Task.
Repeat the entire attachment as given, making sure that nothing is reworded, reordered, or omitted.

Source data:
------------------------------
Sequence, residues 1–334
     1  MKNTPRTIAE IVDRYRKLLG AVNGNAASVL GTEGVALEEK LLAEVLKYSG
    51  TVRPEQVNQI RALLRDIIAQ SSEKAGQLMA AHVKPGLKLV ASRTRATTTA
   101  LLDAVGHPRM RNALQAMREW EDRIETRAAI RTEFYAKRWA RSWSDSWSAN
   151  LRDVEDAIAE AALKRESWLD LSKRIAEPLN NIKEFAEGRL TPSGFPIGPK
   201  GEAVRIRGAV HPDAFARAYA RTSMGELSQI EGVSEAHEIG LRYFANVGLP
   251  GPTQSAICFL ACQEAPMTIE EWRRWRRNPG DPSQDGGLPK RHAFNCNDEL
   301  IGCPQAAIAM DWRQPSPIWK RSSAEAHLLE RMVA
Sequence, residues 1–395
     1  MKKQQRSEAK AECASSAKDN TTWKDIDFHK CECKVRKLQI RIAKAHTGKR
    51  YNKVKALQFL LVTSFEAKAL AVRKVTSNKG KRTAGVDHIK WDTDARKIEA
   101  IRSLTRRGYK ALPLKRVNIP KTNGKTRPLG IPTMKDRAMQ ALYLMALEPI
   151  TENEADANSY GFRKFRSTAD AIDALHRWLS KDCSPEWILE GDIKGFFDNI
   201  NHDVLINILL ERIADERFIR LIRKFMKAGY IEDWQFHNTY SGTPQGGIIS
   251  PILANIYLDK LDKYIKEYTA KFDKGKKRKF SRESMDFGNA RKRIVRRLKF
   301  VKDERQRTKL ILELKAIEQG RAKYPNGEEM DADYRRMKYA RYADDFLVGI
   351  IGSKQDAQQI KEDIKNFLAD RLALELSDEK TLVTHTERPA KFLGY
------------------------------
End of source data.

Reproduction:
Sequence, residues 1–334
     1  MKNTPRTIAE IVDRYRKLLG AVNGNAASVL GTEGVALEEK LLAEVLKYSG
    51  TVRPEQVNQI RALLRDIIAQ SSEKAGQLMA AHVKPGLKLV ASRTRATTTA
   101  LLDAVGHPRM RNALQAMREW EDRIETRAAI RTEFYAKRWA RSWSDSWSAN
   151  LRDVEDAIAE AALKRESWLD LSKRIAEPLN NIKEFAEGRL TPSGFPIGPK
   201  GEAVRIRGAV HPDAFARAYA RTSMGELSQI EGVSEAHEIG LRYFANVGLP
   251  GPTQSAICFL ACQEAPMTIE EWRRWRRNPG DPSQDGGLPK RHAFNCNDEL
   301  IGCPQAAIAM DWRQPSPIWK RSSAEAHLLE RMVA
Sequence, residues 1–395
     1  MKKQQRSEAK AECASSAKDN TTWKDIDFHK CECKVRKLQI RIAKAHTGKR
    51  YNKVKALQFL LVTSFEAKAL AVRKVTSNKG KRTAGVDHIK WDTDARKIEA
   101  IRSLTRRGYK ALPLKRVNIP KTNGKTRPLG IPTMKDRAMQ ALYLMALEPI
   151  TENEADANSY GFRKFRSTAD AIDALHRWLS KDCSPEWILE GDIKGFFDNI
   201  NHDVLINILL ERIADERFIR LIRKFMKAGY IEDWQFHNTY SGTPQGGIIS
   251  PILANIYLDK LDKYIKEYTA KFDKGKKRKF SRESMDFGNA RKRIVRRLKF
   301  VKDERQRTKL ILELKAIEQG RAKYPNGEEM DADYRRMKYA RYADDFLVGI
   351  IGSKQDAQQI KEDIKNFLAD RLALELSDEK TLVTHTERPA KFLGY